You can see how Carl Bass, Autodesk CEO re-defines ‘business casual’. In addition, I’m trying to make my conclusion about what I’ve heard in the connection with PLM. Autodesk is definitely recognizing PLM as a future opportunity. After what was done in PLM by Dassault, Siemens PLM and PTC, to democratize PLM will be probably a biggest challenge for Autodesk. Just my thoughts…

DSCC 2011: How Dassault Blends PLM and Search Based Applications?

Dassault is clearly innovating by adding Exalead technology to their portfolio. As Laurent mentioned during our conversation, everybody these days understood that the ability to handle information becomes very important. Search technology is an interesting competitive advantage Dassault is having. Compare it other CAD/PLM players (Siemens, PTC and Autodesk) – they need to outsource these capabilities to companies acquired by Oracle, Microsoft and HP. I believe Exalead will be used by Enovia to improve their search capabilities. I haven’t seen a demo of this, but assume Dassault will replace Autonomy OEM by Exalead. Delivery of EXA-like applications sounds like an interesting trend. However, speaking about Enovia vs. Exalead platform it is still hard to see how they are blending together. Which, of course, can be played nicely by saying – it is all part of DS V6… voilà. Just my thoughts, of course.

Best, Oleg

Picture credit to Shaan Hurley blog


Crowd-sourcing in CAD / PLM software development

December 11, 2011

The topic of crowd-sourcing is fascinating these days. Community based development is interesting topic, and I’m continuing to follow different aspects of crowd-sourcing and finding new examples. I had a chance to write about Local Motors few weeks ago – it was a perfect example of crowd-sourcing and community-based development. Earlier today, I had a chance to read about interesting examples of how Autodesk is using crowd-sourcing to improve localization of their products. Localization is a complicated topic. Even if you’re hiring the best bi-lingual people, your software won’t be perfect.

Autodesk is proposing for users of Inventor 2012 to participate in the project to improve Autodesk Inventor translation. Navigate to the following link (in Russian) and you can see how you can propose a new translation for a specific term and / or command.

I found another interesting example in crowd-sourcing in PLM software – Aras Community roadmap. Navigate to following link and see how you can actually "vote" for specific features and functionality.

This story is specifically ineresting in my view. The ability of software vendor to manage in a very precisely way what features and functionality need to be implemented is a complicated product management objective. To use crowd-sourcing principles in this project is a very interesting and innovative approach, in my view.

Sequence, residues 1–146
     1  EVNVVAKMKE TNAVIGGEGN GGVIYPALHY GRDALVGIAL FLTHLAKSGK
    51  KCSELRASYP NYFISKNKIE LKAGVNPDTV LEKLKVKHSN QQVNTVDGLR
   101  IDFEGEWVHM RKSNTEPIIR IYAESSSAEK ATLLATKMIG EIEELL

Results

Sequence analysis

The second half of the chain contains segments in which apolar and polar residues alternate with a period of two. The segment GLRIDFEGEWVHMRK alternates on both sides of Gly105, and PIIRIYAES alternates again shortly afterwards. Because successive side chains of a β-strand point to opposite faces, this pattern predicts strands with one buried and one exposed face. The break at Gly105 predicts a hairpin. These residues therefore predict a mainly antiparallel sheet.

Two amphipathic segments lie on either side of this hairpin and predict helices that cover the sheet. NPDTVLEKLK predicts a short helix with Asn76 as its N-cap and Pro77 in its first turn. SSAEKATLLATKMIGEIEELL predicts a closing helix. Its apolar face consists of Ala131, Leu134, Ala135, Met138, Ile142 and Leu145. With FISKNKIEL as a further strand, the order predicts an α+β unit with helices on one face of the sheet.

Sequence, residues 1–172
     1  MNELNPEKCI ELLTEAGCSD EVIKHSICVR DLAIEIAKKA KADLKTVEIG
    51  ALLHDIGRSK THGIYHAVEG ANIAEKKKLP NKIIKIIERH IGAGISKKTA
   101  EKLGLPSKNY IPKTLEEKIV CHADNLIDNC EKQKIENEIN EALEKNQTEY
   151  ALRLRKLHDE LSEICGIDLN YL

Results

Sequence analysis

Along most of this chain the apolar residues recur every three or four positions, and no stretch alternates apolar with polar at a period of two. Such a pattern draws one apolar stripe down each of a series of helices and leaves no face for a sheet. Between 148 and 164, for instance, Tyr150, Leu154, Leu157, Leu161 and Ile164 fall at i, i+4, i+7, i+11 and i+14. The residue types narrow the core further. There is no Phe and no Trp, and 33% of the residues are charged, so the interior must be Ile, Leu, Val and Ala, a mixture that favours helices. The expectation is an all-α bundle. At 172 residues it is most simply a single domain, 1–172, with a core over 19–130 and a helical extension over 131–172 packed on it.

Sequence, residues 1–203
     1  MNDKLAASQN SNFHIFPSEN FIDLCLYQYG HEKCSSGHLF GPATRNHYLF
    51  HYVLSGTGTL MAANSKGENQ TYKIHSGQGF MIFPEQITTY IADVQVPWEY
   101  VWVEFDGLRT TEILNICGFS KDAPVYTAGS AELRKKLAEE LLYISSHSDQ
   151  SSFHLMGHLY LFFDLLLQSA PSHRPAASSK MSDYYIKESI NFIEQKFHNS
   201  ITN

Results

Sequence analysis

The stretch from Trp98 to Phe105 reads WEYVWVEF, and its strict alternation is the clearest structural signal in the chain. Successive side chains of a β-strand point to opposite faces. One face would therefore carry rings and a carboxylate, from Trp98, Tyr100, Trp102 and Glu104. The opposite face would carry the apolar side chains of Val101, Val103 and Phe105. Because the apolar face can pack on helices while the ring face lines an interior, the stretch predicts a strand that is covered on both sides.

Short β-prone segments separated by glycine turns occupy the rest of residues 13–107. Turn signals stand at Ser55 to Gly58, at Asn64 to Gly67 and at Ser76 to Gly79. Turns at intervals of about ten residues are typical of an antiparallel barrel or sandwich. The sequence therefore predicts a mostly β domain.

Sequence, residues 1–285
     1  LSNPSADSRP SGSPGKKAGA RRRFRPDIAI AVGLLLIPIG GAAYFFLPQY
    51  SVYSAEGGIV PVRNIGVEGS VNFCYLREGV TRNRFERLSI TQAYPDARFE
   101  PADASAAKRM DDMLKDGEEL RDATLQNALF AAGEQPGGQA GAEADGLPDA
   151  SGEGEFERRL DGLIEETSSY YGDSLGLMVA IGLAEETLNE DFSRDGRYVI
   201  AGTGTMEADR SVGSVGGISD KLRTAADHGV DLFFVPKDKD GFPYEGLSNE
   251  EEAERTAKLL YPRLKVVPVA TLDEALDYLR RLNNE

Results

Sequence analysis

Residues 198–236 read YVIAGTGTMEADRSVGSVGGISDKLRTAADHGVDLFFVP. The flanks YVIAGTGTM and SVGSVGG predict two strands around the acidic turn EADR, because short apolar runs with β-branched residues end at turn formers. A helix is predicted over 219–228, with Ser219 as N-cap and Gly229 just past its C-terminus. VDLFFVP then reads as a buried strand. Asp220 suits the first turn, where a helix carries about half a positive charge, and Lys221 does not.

What is my conclusion? Crowd-sourcing is fascinating and inspiring. I think it opens additional opportunities in the way nobody thoughts before. It is promising, and I’m expecting more in the future.

Best, Oleg


How to streamline PLM?

December 10, 2011

One of the biggest problem I can see in all PDM / PLM tools is a high level of the complexity. I’ve been thinking about it many times. After observing this industry for quite some time, I started to come to conclusion that solutions are becoming more complicated without becoming more functional. I’ve been reading the article The case for stripped-down enterprise 2.0 tools on by Moly Bernhart Walker. He was quoting Tim Young of Socialcast. Here is my favorite passage:

"Simple tools are incredibly powerful," said Young Nov. 15, during a keynote at the Enterprise 2.0 Conference in Santa Clara, Calif. It’s very difficult to solve a complex problem with a complex tool, he added. What we’ve been doing with customers is actually moving away, stripping away functionality and making it very, very simple by just focusing on one or two activity screens. And we’ve actually begun to see the value in this," said Young.

I decided to pull few old pictures of EDM and PDM tools and take a look on them from the angle of PLM 2012.

How to strip-down PLM?


I think, we’ve been obsessed by the power of computer, higher screen resolution and interest to push additional functionality in the PLM software. It is a time to stop and think. Here is the slide from last presentation I’ve made during Autodesk University 2011.

PLM software is bloody complicated. To find a right strip-down option will be an appropriate way to think about the next PLM solution.

What is my conclusion? PLM was born many years to solve the problem of product development in complex defense and aerospace companies. Since that time, software vendors passed a long way developing new functionality. However, I don’t think it made solutions better. It is very hard to remove functionality for existing software. At the same time, I don’t see any alternative to that in the future. Just my thoughts…

Best, Oleg